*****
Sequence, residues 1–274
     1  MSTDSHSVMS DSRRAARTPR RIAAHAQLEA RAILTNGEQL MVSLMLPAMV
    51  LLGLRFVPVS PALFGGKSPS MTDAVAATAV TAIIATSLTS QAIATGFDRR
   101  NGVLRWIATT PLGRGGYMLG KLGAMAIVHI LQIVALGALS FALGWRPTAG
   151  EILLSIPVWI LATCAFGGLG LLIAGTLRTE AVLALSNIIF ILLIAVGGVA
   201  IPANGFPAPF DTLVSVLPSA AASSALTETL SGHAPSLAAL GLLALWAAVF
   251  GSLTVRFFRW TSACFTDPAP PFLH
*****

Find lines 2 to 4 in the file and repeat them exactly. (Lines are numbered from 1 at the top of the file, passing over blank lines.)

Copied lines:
     1  MSTDSHSVMS DSRRAARTPR RIAAHAQLEA RAILTNGEQL MVSLMLPAMV
    51  LLGLRFVPVS PALFGGKSPS MTDAVAATAV TAIIATSLTS QAIATGFDRR
   101  NGVLRWIATT PLGRGGYMLG KLGAMAIVHI LQIVALGALS FALGWRPTAG